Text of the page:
Two women speaking ill of another at work

Stirring the Pot, Part 2: What is Your Workplace Culture Like?

This is part 2 of “Stirring the Pot,” a three part series on leadership for a positive workplace culture.

Think about it: Nearly a third of dysfunction and conflict come from a lack of honesty or integrity. What causes people to come from a place of deceit rather than from a place of respect? What is so psychologically unsafe that people are driven to take the low road instead of the high road and maintaining a place of dignity and respect? Go figure! It all circles back to people differences that naturally exist, the art and craft of managing those differences, and informed leadership that know when and how to make a difference.

So, what are the implications of these five players in workplace culture?

  • A full 25 percent of employees say that avoiding conflict and unhealthy workplaces lead to sickness or absence from work.
  • Nearly 10 percent describe how workplace conflict led to project failure, costing their organizations big time in terms of revenue, customer relations, and overall reputation.
  • Good people leave good organizations because of poor leadership. One study cited that more than one-third have left their company due to conflict and workplace dysfunction, either through firing or quitting. Other studies have put this figure much higher: 60 percent of people who leave good companies because of unresolved conflict, particularly with their direct boss.
  • Just like with customers, it’s easier and less costly to retain good customers than to go out and pursue new ones. Replacing an employee, rather than improving an employee and the culture, costs 150 to 200 percent more than that employee’s salary and benefits.
  • Losing even a mid-level employee making $50,000 a year could cost your company $100,000 or more to replace. Could this money be better spent in training, coaching, mentoring and building positive workplace culture?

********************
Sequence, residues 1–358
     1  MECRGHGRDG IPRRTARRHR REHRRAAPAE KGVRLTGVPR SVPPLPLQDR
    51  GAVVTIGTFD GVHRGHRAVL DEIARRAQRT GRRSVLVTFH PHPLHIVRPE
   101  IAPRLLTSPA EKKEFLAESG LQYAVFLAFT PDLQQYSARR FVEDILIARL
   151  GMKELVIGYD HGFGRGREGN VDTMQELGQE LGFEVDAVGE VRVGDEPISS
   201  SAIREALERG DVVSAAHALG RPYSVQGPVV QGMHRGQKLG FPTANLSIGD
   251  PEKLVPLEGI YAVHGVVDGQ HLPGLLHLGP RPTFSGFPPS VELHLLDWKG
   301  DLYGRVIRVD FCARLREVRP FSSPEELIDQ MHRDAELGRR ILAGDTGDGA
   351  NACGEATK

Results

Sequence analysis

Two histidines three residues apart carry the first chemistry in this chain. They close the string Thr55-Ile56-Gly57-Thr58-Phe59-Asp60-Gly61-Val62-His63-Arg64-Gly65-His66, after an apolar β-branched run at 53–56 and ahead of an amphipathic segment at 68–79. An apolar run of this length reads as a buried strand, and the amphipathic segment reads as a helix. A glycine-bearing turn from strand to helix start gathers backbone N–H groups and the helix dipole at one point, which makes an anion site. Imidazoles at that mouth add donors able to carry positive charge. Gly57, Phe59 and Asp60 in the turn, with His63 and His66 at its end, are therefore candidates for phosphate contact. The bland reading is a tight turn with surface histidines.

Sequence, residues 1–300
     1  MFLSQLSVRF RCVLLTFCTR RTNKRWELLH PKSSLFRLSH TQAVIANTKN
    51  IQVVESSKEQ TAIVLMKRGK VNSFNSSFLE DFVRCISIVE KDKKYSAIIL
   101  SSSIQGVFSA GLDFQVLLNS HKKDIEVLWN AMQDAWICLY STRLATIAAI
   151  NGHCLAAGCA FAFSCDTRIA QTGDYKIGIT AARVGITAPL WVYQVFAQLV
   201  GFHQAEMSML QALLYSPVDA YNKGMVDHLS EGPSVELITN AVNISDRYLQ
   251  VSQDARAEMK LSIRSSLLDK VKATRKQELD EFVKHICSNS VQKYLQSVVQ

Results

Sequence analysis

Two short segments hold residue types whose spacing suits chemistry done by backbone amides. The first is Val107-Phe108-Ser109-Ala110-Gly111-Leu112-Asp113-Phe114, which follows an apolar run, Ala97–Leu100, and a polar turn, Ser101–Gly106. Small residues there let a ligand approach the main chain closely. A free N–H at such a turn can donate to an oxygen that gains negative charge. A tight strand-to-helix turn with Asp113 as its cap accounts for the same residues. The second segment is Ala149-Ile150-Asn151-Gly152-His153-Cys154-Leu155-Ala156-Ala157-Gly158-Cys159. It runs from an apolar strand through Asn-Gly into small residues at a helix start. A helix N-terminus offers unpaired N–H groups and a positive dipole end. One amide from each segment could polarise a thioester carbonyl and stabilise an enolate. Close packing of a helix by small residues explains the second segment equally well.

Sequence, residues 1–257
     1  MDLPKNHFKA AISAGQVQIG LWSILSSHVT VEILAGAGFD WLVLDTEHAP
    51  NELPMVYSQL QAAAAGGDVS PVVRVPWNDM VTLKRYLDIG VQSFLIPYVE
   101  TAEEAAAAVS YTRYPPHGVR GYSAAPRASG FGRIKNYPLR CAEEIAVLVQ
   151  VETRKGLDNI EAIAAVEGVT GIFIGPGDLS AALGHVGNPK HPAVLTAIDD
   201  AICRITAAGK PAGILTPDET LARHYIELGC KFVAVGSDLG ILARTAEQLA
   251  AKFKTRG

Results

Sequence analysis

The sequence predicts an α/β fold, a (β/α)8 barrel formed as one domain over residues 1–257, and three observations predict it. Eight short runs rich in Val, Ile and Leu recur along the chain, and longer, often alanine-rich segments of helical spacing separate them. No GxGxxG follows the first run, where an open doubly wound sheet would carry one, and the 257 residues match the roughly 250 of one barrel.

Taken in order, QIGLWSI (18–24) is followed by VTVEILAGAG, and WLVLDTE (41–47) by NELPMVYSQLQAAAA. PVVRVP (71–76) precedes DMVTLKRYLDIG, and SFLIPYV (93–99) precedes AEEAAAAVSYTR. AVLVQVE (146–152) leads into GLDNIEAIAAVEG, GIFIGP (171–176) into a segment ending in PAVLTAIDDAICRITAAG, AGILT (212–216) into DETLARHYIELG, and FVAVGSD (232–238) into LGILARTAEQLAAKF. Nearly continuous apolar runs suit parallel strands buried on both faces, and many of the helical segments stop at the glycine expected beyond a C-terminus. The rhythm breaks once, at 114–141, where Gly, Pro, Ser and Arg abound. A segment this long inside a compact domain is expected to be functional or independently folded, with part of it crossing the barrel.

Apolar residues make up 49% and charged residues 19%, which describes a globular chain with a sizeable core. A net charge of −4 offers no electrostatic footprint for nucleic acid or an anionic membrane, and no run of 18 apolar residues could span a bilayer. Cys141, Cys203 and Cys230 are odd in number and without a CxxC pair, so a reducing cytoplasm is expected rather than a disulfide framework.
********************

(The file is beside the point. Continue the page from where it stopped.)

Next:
Oftentimes, conflicts between people are less overt, such as subtle forms of harassment or bullying, and are often supported unknowingly by management. So, what can you do as a leader at any level to influence positive change, to help people find their voice and claim their leadership? Here are four simple steps to start taking:

  • Hire SMART using Emotional Intelligence so you select those who have the “people” savvy, not just the “technical” savvy, to avoid conflict and build a positive workplace culture. Ask emotionally “smart” questions to identify those who cause conflict versus those who strive to resolve conflict through courage, compassion and collaboration.
  • Understand the culture that exists at your organization and how it actually encourages conflict or facilitates the management of conflict. What are the sources of existing conflict and what can be done to teach people how to better engage around conflict to actually reduce, resolve or prevent conflict. Many people simply don’t have the skills, knowledge, and understanding for how to manage conflict and either fun from it or blow up over it.
  • Change is possible if senior leadership is absolutely committed building their skills around how to create an emotionally intelligent workspace to change the culture from dysfunction to positive functioning. And, it takes commitment with a game plan on how to turn things around to make a difference.
  • Teach people, and leaders at every level, on how to have real conversations about challenges encountered, the impact of present behavior, and identify the desired behavior to achieve the kind of outcome intended. Build skills, knowledge and awareness for how to prosper, not suffer, from people’s differences, stress experienced, and workloads that are overwhelming.

If you missed part 1, read “Stirring the Pot, Part 1: Five Factors of Workplace Dysfunction.”

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